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Perceptions about HIV testing and their access to HIV tests. Formal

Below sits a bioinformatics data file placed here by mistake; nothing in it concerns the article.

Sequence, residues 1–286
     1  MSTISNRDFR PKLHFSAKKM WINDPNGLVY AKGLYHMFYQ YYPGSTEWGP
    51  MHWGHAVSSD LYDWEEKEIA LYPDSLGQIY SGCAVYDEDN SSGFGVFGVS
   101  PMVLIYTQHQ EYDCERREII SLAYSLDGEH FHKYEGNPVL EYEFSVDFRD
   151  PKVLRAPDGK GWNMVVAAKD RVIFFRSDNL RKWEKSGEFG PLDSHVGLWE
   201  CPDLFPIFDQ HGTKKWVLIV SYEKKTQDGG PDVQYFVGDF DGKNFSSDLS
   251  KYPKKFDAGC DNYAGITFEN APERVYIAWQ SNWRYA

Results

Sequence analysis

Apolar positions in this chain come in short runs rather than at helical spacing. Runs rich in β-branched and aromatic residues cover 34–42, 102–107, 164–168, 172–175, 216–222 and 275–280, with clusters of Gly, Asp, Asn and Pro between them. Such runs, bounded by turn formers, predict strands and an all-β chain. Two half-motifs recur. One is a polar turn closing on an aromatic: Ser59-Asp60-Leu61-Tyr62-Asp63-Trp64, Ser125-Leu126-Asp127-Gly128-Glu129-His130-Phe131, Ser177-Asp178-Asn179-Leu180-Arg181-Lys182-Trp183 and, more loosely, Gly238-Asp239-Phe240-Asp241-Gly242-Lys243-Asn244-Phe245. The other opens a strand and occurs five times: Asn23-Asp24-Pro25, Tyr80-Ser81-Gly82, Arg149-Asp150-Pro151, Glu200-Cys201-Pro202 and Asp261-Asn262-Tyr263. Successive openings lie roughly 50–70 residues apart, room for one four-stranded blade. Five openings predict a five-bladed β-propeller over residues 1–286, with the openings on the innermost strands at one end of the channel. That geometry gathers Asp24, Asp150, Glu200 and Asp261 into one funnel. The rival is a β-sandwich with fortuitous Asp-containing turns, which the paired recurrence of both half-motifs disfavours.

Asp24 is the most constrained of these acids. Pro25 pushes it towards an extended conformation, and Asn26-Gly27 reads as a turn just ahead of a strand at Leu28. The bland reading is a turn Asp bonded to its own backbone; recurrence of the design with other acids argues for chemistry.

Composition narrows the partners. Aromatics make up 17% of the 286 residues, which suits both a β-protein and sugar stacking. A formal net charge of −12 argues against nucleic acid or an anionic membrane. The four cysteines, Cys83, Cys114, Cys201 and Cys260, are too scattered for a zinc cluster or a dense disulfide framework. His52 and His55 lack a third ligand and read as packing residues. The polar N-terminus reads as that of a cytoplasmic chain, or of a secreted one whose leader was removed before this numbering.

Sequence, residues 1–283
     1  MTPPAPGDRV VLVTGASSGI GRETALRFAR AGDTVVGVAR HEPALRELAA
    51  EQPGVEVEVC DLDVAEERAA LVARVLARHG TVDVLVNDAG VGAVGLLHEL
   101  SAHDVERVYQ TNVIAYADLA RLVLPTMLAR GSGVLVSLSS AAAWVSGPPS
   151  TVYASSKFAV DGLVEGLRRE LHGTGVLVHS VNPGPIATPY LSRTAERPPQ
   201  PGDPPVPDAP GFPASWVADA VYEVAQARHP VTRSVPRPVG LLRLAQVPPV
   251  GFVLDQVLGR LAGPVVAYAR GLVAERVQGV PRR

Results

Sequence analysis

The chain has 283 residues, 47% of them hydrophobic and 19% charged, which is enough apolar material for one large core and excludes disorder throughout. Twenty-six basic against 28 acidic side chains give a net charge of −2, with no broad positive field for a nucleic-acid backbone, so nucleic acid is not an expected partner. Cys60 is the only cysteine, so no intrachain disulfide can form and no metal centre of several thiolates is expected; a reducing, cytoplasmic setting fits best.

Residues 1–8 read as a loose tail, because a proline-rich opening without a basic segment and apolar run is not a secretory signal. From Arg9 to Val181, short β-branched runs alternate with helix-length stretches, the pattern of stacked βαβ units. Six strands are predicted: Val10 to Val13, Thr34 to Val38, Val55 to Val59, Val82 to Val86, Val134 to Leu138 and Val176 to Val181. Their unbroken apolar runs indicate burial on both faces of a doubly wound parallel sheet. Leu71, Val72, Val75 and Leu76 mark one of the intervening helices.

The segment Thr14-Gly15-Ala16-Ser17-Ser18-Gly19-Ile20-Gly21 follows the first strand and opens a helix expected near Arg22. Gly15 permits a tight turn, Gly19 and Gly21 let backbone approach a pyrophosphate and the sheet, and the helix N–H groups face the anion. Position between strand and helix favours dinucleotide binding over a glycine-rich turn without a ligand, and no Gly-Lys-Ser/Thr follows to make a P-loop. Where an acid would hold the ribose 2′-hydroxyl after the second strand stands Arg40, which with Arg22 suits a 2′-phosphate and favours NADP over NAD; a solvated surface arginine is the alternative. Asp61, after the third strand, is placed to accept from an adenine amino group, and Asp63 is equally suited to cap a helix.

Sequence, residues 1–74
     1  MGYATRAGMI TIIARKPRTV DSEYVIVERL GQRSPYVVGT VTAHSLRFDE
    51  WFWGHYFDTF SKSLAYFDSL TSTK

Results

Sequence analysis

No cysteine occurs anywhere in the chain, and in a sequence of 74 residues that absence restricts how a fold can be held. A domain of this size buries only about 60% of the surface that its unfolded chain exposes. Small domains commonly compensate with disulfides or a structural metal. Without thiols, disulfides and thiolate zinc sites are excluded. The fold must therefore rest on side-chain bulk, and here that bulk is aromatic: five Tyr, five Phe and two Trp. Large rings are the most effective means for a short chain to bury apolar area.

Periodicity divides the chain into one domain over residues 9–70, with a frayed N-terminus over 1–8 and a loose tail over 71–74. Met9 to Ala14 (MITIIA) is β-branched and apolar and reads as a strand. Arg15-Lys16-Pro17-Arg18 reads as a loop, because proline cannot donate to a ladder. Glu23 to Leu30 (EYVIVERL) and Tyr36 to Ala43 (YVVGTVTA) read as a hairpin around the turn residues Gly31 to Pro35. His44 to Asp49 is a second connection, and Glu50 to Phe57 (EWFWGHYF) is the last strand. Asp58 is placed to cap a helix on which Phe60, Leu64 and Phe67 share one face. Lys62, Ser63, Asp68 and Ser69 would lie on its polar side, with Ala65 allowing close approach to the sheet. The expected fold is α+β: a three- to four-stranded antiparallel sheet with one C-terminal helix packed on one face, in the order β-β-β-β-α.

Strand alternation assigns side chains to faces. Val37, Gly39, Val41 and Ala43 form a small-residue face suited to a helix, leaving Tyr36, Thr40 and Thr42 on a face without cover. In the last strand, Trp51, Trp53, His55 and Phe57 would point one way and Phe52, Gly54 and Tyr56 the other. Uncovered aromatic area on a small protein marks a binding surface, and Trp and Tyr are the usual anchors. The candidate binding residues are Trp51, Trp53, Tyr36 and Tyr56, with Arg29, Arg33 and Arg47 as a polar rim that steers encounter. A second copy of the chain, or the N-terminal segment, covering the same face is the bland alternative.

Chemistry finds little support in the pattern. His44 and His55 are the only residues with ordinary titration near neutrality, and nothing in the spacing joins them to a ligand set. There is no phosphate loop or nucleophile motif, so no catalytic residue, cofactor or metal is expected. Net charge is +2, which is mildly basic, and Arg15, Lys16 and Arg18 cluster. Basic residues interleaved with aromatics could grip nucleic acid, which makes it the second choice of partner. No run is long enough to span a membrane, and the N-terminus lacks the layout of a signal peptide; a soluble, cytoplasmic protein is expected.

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Perceptions about HIV testing and their access to HIV tests. Formal social control can significantly affect HIV testing uptake. Most relevant are laws and policies that influence individuals’ decisions to be tested (e.g., anonymous testing, case reporting, partner notification) and laws and policies that address the consequences of an HIV-positive test result (e.g., anti-discrimination, access to treatment). HIV-related laws to protect individual privacy and prohibit discrimination against persons living with or affected by HIV addressed perceived barriers to testing such as fears about these repercussions.NIH-PA Author Manuscript NIH-PA Author Manuscript NIH-PA Author ManuscriptAIDS Behav. Author manuscript; available in PMC 2011 December 1.Latkin et al.PageThese rights-protective laws encouraged persons at risk to seek testing voluntarily, which, by increasing testing rates, in turn Cycloheximide solubility required that resources be allocated for more HIV testing.NIH-PA Author Manuscript NIH-PA Author Manuscript NIH-PA Author ManuscriptNew science and technologies, including the advent of effective treatment and rapid HIV testing technologies as well as research pointing to a disproportionate number of infections attributed to GGTI298 molecular weight individuals unaware of their HIV positive status,75 lead public health leaders to reformulate the national approach to HIV testing. Relying on individuals to seek HIV testing services proved insufficient to increase the number of identified cases to significantly reduce HIV incidence.78 Consequently, the CDC began to recommend that most adults be routinely tested.94 Because this approach does not require individuals to initiate the testing process, motivational interventions to increase HIV testing may play a lesser role in achieving national HIV testing objectives than increasing access to HIV tests (e.g., efforts to mitigate the effect of competing priorities on provider ability and willingness to offer patients HIV tests and to recruit and train additional testing personnel).79,94,95 From a structural systems perspective it is important to assess how national HIV testing guidelines may lead to unanticipated changes at the macro, meso, and micro levels. It is also important to examine how the reallocation of resources to support increased testing may impact other HIV prevention programs and organizations and to assess whether policy changes alter norms regarding pre- and post-test counseling. One potential unanticipated outcome may be the altering of social interconnectedness through greater serosorting behaviors. Ethical Issues with Structural-level HIV Interventions Although structural interventions make fewer demands on individual resources, the ethical implications of attempting to manipulate structural-level factors to affect individual behavior can be quite serious. As described above, structural forces are broad, external to the individual, and beyond individual control. Structural interventions may leave some individuals pursuing goals that they did not choose with methods that they cannot avoid. Such programs can compromise individual autonomy by burdening or eliminating behavioral options, thereby reducing individual choice. For example, criminal laws that require persons living with HIV to disclose their serostatus to prospective sexual partners effectively preclude infected individuals from legally exercising other options, such as practicing safer sex or engaging in alternatives to penetrative sex.96 The option to allow.Perceptions about HIV testing and their access to HIV tests. Formal social control can significantly affect HIV testing uptake. Most relevant are laws and policies that influence individuals’ decisions to be tested (e.g., anonymous testing, case reporting, partner notification) and laws and policies that address the consequences of an HIV-positive test result (e.g., anti-discrimination, access to treatment). HIV-related laws to protect individual privacy and prohibit discrimination against persons living with or affected by HIV addressed perceived barriers to testing such as fears about these repercussions.NIH-PA Author Manuscript NIH-PA Author Manuscript NIH-PA Author ManuscriptAIDS Behav. Author manuscript; available in PMC 2011 December 1.Latkin et al.PageThese rights-protective laws encouraged persons at risk to seek testing voluntarily, which, by increasing testing rates, in turn required that resources be allocated for more HIV testing.NIH-PA Author Manuscript NIH-PA Author Manuscript NIH-PA Author ManuscriptNew science and technologies, including the advent of effective treatment and rapid HIV testing technologies as well as research pointing to a disproportionate number of infections attributed to individuals unaware of their HIV positive status,75 lead public health leaders to reformulate the national approach to HIV testing. Relying on individuals to seek HIV testing services proved insufficient to increase the number of identified cases to significantly reduce HIV incidence.78 Consequently, the CDC began to recommend that most adults be routinely tested.94 Because this approach does not require individuals to initiate the testing process, motivational interventions to increase HIV testing may play a lesser role in achieving national HIV testing objectives than increasing access to HIV tests (e.g., efforts to mitigate the effect of competing priorities on provider ability and willingness to offer patients HIV tests and to recruit and train additional testing personnel).79,94,95 From a structural systems perspective it is important to assess how national HIV testing guidelines may lead to unanticipated changes at the macro, meso, and micro levels. It is also important to examine how the reallocation of resources to support increased testing may impact other HIV prevention programs and organizations and to assess whether policy changes alter norms regarding pre- and post-test counseling. One potential unanticipated outcome may be the altering of social interconnectedness through greater serosorting behaviors. Ethical Issues with Structural-level HIV Interventions Although structural interventions make fewer demands on individual resources, the ethical implications of attempting to manipulate structural-level factors to affect individual behavior can be quite serious. As described above, structural forces are broad, external to the individual, and beyond individual control. Structural interventions may leave some individuals pursuing goals that they did not choose with methods that they cannot avoid. Such programs can compromise individual autonomy by burdening or eliminating behavioral options, thereby reducing individual choice. For example, criminal laws that require persons living with HIV to disclose their serostatus to prospective sexual partners effectively preclude infected individuals from legally exercising other options, such as practicing safer sex or engaging in alternatives to penetrative sex.96 The option to allow.